When you're just starting out, coming up with good designs is pretty simple, but when you've been doing it for a while or it's your job, you run out of easy ideas- you've picked all the low hanging fruit. What do you do then?
This applies to artists, comicers, graphic designers, writers, poets, anyone really…
You start out when you're young with a huge store of influences from all the things you've seen and experienced up to that point, all the stuff you like as a kid goes into your inspiration fuel tanks so that when you start arting you're drawing on that. You have the false idea that your inspiration is infinite and all self generated, that you're creating from the golden well of creativity that's inside of you… in reality that well IS exhaustible and it wasn't self generated.
So what happens then? There are a few things you can do. One is to just go out and get more: refill those tanks the same way you did as a kid when you didn't even know you were doing it. Consume media, read books, listen to music, see a concert, go on dates, read comics, watch TV and film, travel… try and remember to consume ALL of it and recall the things that excite you most about those experiences or that affected you most: THAT is your fuel.
That'll help you with general inspiration but what about the current project that you're working on RIGHT NOW?
Well you can't go off and travel and do all that crap every single time you draw a new picture so there are other strategies you can try.
You can look at art that's similar to the thing you want to do and see how THEY approached it. Listen to music that evokes the feeling you want to portray, watch a film with a similar vibe, read stories that cover aspects of the same thing you want to do to give you new ways of seeing it. Even physically locating yourself in a different space can get you going: go to a cafe, the beach etc.
Which brings me to research.
Researching the hell out of the thing you're working on is a great way to help you get better at working on it and giving you new ideas. But beware because that can become an end in of itself- don't get carried away! Collect photos, learn about your thing, watch documentaries, YouTube videos, buy props or items related to it… but always keep in mid what you're collecting these references FOR.
This is a good technique. If you look at a design too long it becomes stale or twisted in your mind. You need to take a break from it. Whether that's for an hour, a day, or a week doesn't matter, you need to come back with fresh eyes. Work on something else for a while. Doing two projects at the same time is a good way to be more productive too.
Two very simple approaches are to stand back from the work (or shrink it down when working digitally), or to look at it in a mirror (flip it). Simple, but helps you see it with new eyes.
Speaking of fresh eyes, one of the best places to come up with new ideas for something is other people.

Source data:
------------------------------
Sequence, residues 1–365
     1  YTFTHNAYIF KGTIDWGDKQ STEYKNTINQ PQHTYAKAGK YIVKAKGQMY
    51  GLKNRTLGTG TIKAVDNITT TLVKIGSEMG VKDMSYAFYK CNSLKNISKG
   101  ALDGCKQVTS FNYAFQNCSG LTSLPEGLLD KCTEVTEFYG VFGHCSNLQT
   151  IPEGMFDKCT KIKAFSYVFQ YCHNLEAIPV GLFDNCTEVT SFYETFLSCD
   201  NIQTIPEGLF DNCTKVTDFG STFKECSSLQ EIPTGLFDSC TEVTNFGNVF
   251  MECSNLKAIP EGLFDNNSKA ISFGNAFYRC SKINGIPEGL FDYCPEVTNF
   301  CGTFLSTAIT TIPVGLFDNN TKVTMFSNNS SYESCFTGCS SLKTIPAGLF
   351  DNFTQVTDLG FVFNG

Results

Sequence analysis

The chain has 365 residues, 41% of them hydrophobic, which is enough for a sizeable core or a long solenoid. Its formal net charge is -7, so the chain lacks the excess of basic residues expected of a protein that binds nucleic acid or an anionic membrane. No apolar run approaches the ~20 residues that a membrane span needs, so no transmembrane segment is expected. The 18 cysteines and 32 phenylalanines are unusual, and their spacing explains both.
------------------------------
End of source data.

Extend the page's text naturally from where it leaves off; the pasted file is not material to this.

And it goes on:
Show your design to others and get comments or just chat with them about your ideas and bounce things off each other. You'd be surprised what a huge help that can be to get you moving forward.
Sketchbooks and notebooks.
During your day you'll come up with all sorts of great ideas; RECORD these! Draw them, take photos, write them down, record the sound, record a memo, film it on your phone, take photos. You will build up a huge store of what you need. But it's not just about recording what you see, hear and think of, you often create NEW cool inspirational ideas to save for later just by playing around. Some of my best drawings started as idle doodles in a page. Great stories can come from just a few rambling lines of text. Great music can come from some random beats you started tapping out with your fingers.
Art from chaos.
And this in my final and most interesting bit of advice on where to look for inspiration. When I'm stuck for ideas and a design just wont work, what I do is make a total mess out of all my design elements, I throw them all together and stack them randomly. Then I go away, come back and look for a new layout within that mess. It never fails to give me a great new design. I like to think of it as outsourcing my creativity to the universe but in reality I'm just tricking the pattern recognition part of my brain into making its own connections.
And before you bring up the left brain/right brain stuff… ahhh, that's a myth, SORRY.
The frontal lobe is what makes informed decisions and sorts things out, but that's not what's going on here at all, pattern recognition is a basic part of our thinking; it's how we recognise faces, expressions, language, music, everything, but it also malfunctions and creates patterns where there ARE none. It's the part of your mind that makes you see ghosts, cloud Jesus, hear voices in static and backwards lyrics. So it's ideally suited to deputise for creativity.
Get out there and create!
What are your strategies?
Ozoneocean at 12:00AM, July 21, 2017
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